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The Road
4 reviews

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Movie Details

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Directed By
John Hillcoat

Written By:
Joe Penhall, Cormac McCarthy

Charlize Theron, Viggo Mortensen, Guy Pearce, Robert Duvall, Garret Dillahunt, Molly Parker, Michael K. Williams, Kodi Smit-McPhee, Brenna Roth, Bob Jennings, Aaron Bernard, Jeremy Ambler, Mark Tierno, Jared Pfennigwerth, Kyle Quinn, Shawn Rolly, Nick Pasqual, David August Lindauer, Jack Erdie, Amy Caroline, Matt Reese, Chris Sechler, Kacey Byrne-Houser, Frederick E. Kowalo, Cerise Weidner

The Road (2009)
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Movie Review by Jarrod
November 28th, 2009

'The Road' is based on Cormac McCarthy's Pulitzer Prize winning novel, and I would strongly urge you to read it if you have not already done so. The seminal McCarthy adaptation will continue to be No Country for Old Men, from the Coen brothers, and I am anxious to see what is to be done with Blood Meridian, which is possibly McCarthy's masterpiece.

Director John Hillcoat and screenwriter Joe Penhall have done an admirable job in bringing the work to the big screen, since it was long considered unfilmable, as McCarthy's sublime, lyrical prose conveys far more than mere imagery, or the emotions it conjures. This is a brutal and bleak story, set in a world that has been destroyed by some unnamed calamity, presumably biological in nature, though it is never explained, or even hinted at. A father (Viggo Mortensen) and his son (Kodi Smit-McPhee) have survived, and are on their way south, towards the ocean, not knowing what awaits them there, but assuming is must be preferable to what currently surrounds them.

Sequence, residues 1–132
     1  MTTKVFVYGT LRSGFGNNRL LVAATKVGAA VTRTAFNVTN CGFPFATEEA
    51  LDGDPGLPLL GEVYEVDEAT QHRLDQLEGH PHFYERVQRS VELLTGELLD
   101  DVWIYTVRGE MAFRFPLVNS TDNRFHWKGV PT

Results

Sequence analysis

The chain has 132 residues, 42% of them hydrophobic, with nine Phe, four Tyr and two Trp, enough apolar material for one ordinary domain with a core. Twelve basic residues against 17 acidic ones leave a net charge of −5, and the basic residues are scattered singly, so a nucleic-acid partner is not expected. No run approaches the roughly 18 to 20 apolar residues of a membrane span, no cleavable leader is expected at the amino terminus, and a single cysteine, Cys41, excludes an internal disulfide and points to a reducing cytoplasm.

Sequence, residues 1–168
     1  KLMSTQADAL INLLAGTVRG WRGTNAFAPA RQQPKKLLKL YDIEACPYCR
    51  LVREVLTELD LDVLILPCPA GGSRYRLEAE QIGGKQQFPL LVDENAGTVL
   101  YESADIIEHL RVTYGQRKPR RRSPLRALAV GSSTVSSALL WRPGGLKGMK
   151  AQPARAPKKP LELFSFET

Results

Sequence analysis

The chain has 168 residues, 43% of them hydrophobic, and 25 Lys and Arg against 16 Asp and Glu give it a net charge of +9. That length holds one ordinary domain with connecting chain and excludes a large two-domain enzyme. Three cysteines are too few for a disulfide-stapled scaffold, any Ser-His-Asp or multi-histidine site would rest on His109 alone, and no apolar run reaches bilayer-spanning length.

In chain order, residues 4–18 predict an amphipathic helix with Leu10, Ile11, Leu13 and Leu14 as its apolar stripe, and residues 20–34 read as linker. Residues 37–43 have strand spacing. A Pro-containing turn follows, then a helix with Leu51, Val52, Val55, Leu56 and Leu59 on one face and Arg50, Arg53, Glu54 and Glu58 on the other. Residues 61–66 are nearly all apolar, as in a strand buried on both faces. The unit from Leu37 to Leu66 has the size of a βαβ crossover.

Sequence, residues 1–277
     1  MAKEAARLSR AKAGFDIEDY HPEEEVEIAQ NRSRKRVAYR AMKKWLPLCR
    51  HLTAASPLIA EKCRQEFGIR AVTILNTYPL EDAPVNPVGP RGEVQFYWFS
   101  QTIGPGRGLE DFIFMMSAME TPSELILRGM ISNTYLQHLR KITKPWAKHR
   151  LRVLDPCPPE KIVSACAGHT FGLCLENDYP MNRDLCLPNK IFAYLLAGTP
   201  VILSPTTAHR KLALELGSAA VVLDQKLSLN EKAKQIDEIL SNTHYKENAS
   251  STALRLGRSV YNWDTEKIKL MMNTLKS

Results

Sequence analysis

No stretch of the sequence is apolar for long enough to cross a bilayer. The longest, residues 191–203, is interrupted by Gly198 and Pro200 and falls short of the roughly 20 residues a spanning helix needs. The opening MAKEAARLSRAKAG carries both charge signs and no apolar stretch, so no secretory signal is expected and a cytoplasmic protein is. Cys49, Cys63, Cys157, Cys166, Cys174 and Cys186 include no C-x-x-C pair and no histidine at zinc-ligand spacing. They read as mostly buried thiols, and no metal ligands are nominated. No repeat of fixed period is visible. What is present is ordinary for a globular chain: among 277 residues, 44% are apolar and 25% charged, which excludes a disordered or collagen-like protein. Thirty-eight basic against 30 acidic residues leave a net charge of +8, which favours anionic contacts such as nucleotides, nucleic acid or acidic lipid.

The father has sworn to protect the boy; he carries a gun with two bullets in it, one for each of them, should their options run out. They traverse a barren landscape, with deserted highways and vacant towns, empty houses and abandoned cars, and forests filled with people who have resorted to cannibalism, in their efforts to survive. In such desperate and hopeless circumstances, man reverts to his most predatory and bestial instincts, becoming aggressive and tribalistic.

The father, however, refuses to succumb to savagery, and cares only about preserving the life (and innocence) of his child. His own needs are secondary. The movie's paints a chilling and immersive portrait of a cold and desolate world. Despite a well-earned R rating, some things have been toned down, some particularly gruesome segments of the book excised. Beyond that, it is reasonably, though not slavishly faithful to its source, and Penhall has utilized most of McCarthy's original dialogue, what there is of it, as the potent relationship between father and son is demonstrated largely through actions and expressions, rather than verbal exchanges.

Essentially a two-actor show, Viggo Mortensen and his young co-star Kodi Smit-McPhee give outstanding, achingly authentic performances. Mortensen could receive an Oscar nomination, and would deserve it, mainly for his obvious physical dedication to the role, it looks like he lost some weight (I was reminded of what Christian Bale did in The Machinist), and allowed himself a very rugged and disheveled appearance. McPhee maintains a comfortable and convincing chemistry with Mortensen, and displays a surprising maturity. The man remembers his wife, and the kid's mother, played in flashbacks by Charlize Theron; she walked out on them and never returned. Technically astute, though it has minimal special effects, and is confusingly classified as science fiction, and while portions of it reach into that genre, this is, first and foremost, a drama, and a very good one at that.

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